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Mail will not be published required. The Wonder of Christmas. Posted on December 21st, at pm. Posted on December 11th, at pm. Posted on December 14th, at pm. Posted on December 27th, at am. Posted on October 25th, at am. Posted on December 10th, at am.

We Wish You a Merry Christmas - Christmas Songs and Christmas Carols Collection from Dave and Ava

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Rhyming Christmas Words for Writing Poems and Song Lyrics

Posted on December 16th, at pm. Posted on December 30th, at pm. Gracie Marin Says:. Posted on December 1st, at am. Posted on December 7th, at pm. Posted on December 8th, at pm. Posted on December 15th, at pm. Posted on December 21st, at am. They knocked on the doors with blue knuckles And the cold postman, with a rose on his button-nose, tingled down the tea-tray-slithered run of the chilly glinting hill.

Short Christmas Poems

He went in his ice-bound boots like a man on fishmonger's slabs. And pictureless books in which small boys, though warned with quotations not to, would skate on Farmer Giles' pond and did and drowned; and books that told me everything about the wasp, except why. Hardboileds, toffee, fudge and allsorts, crunches, cracknels, humbugs, glaciers, marzipan, and butterwelsh for the Welsh.

And troops of bright tin soldiers who, if they could not fight, could always run. And Snakes-and-Families and Happy Ladders. Oh, easy for Leonardo! And a whistle to make the dogs bark to wake up the old man next door to make him beat on the wall with his stick to shake our picture off the wall. And a packet of cigarettes: you put one in your mouth and you stood at the corner of the street and you waited for hours, in vain, for an old lady to scold you for smoking a cigarette, and then with a smirk you ate it.

And then it was breakfast under the balloons. The same Uncles. And on Christmas morning, with dog-disturbing whistle and sugar fags, I would scour the swatched town for the news of the little world, and find always a dead bird by the Post Office or by the white deserted swings; perhaps a robin, all but one of his fires out.

Men and women wading or scooping back from chapel, with taproom noses and wind-bussed cheeks, all albinos, huddles their stiff black jarring feathers against the irreligious snow. Mistletoe hung from the gas brackets in all the front parlors; there was sherry and walnuts and bottled beer and crackers by the dessertspoons; and cats in their fur-abouts watched the fires; and the high-heaped fire spat, all ready for the chestnuts and the mulling pokers.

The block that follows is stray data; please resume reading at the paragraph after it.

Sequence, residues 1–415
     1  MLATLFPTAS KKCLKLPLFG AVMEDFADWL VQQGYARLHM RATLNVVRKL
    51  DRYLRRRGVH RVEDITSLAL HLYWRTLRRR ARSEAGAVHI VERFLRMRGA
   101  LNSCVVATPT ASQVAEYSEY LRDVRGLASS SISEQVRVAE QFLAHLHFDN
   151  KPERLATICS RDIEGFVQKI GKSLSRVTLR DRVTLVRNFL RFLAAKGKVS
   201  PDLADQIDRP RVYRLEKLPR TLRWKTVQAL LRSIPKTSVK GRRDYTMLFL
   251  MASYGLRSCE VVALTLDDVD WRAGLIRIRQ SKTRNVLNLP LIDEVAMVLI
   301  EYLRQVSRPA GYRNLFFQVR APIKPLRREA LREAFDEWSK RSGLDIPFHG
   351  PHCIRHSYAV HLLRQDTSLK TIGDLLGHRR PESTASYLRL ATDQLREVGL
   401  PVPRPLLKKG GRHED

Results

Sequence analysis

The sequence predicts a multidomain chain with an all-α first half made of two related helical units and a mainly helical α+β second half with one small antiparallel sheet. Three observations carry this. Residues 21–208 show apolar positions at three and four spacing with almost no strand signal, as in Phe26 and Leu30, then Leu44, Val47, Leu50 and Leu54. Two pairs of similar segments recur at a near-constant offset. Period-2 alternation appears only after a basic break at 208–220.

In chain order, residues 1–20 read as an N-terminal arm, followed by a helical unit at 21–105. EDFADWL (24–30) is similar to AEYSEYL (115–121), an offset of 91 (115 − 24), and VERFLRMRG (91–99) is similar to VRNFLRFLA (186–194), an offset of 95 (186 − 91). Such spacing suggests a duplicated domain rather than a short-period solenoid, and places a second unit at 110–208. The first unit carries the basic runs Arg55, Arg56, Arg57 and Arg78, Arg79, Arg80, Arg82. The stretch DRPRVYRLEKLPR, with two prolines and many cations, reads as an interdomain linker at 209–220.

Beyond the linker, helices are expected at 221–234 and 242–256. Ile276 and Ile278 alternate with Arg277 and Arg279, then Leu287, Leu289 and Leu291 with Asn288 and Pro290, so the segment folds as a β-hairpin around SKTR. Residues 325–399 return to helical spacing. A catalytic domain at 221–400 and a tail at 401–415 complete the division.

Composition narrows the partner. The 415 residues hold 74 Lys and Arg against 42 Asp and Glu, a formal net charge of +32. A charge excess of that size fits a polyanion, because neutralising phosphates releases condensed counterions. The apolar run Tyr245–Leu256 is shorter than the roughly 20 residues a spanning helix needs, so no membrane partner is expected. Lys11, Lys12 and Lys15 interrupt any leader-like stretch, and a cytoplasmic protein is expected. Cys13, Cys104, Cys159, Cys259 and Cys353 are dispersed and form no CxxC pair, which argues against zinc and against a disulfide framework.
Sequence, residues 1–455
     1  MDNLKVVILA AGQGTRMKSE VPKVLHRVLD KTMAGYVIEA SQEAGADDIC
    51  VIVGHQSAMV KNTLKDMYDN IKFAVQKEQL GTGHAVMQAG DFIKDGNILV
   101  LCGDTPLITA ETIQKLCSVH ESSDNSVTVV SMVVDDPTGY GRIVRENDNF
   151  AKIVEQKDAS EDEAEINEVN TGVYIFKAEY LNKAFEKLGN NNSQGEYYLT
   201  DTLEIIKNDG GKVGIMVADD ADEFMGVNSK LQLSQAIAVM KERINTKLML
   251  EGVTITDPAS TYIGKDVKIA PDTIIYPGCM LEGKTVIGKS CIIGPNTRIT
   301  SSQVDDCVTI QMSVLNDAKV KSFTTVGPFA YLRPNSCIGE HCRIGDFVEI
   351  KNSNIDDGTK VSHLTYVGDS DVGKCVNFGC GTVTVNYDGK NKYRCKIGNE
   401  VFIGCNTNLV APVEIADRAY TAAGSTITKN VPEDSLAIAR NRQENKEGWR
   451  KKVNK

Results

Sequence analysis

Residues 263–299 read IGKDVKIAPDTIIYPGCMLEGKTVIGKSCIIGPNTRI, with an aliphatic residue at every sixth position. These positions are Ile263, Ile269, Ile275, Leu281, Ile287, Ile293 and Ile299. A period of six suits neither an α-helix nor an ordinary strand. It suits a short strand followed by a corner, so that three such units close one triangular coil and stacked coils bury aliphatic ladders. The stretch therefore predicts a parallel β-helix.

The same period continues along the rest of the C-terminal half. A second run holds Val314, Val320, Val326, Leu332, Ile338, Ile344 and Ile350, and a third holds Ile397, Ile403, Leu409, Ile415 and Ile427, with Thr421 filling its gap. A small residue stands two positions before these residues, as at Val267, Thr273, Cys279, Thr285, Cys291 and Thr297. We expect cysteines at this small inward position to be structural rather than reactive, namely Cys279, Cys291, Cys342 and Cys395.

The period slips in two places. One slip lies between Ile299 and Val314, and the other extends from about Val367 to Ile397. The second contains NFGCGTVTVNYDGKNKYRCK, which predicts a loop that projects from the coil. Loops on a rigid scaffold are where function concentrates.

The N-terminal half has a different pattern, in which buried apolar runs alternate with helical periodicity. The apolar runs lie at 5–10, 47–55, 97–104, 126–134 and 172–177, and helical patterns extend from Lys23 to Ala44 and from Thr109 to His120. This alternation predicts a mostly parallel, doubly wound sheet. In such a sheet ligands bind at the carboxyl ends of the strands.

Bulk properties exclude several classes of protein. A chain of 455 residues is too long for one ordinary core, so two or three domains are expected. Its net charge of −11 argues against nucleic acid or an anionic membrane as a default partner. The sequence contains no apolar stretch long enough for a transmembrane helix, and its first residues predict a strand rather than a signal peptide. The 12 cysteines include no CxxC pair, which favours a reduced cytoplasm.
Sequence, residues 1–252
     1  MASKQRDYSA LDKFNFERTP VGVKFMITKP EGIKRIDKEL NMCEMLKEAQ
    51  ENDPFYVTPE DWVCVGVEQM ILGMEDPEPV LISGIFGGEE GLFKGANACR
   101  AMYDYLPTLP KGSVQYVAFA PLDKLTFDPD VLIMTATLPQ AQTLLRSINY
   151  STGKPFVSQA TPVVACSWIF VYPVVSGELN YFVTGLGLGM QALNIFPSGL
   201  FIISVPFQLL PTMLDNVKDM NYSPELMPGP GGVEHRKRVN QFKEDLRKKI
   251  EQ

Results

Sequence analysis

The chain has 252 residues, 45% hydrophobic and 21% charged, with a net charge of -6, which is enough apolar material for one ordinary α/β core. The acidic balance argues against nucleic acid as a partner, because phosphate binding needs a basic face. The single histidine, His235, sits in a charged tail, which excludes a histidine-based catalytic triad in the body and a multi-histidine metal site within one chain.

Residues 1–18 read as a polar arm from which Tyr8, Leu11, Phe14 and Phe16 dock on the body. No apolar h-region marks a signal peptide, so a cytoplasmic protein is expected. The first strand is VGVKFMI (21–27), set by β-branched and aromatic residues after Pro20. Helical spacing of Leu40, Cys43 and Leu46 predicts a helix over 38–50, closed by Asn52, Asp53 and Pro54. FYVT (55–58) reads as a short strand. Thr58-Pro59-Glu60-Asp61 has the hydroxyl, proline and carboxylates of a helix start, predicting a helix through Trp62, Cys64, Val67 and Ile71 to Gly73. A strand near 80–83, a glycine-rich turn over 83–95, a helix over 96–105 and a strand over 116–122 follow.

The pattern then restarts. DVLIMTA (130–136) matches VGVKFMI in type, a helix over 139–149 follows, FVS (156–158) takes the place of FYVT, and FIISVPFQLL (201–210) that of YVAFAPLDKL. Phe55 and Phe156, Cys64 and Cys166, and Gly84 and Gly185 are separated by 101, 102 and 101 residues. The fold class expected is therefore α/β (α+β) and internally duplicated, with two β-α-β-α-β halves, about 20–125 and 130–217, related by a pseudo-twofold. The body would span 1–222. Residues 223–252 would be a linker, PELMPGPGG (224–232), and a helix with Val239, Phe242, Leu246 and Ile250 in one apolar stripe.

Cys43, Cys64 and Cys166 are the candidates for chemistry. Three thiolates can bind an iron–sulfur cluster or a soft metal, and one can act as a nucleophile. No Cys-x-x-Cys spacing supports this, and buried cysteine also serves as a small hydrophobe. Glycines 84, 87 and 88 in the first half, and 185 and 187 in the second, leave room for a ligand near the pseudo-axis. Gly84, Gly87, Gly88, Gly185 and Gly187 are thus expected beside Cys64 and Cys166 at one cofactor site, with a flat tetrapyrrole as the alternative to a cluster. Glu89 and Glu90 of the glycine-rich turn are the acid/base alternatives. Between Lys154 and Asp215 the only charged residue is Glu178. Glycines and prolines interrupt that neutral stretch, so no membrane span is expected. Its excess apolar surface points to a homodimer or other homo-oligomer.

Some few large men sat in the front parlors, without their collars, Uncles almost certainly, trying their new cigars, holding them out judiciously at arms' length, returning them to their mouths, coughing, then holding them out again as though waiting for the explosion; and some few small aunts, not wanted in the kitchen, nor anywhere else for that matter, sat on the very edge of their chairs, poised and brittle, afraid to break, like faded cups and saucers. Then I would be slap-dashing home, the gravy smell of the dinners of others, the bird smell, the brandy, the pudding and mince, coiling up to my nostrils, when out of a snow-clogged side lane would come a boy the spit of myself, with a pink-tipped cigarette and the violet past of a black eye, cocky as a bullfinch, leering all to himself.

I hated him on sight and sound, and would be about to put my dog whistle to my lips and blow him off the face of Christmas when suddenly he, with a violet wink, put his whistle to his lips and blew so stridently, so high, so exquisitely loud, that gobbling faces, their cheeks bulged with goose, would press against their tinsled windows, the whole length of the white echoing street. For dinner we had turkey and blazing pudding, and after dinner the Uncles sat in front of the fire, loosened all buttons, put their large moist hands over their watch chains, groaned a little and slept.

A Child's Christmas In Wales - Poem by Dylan Thomas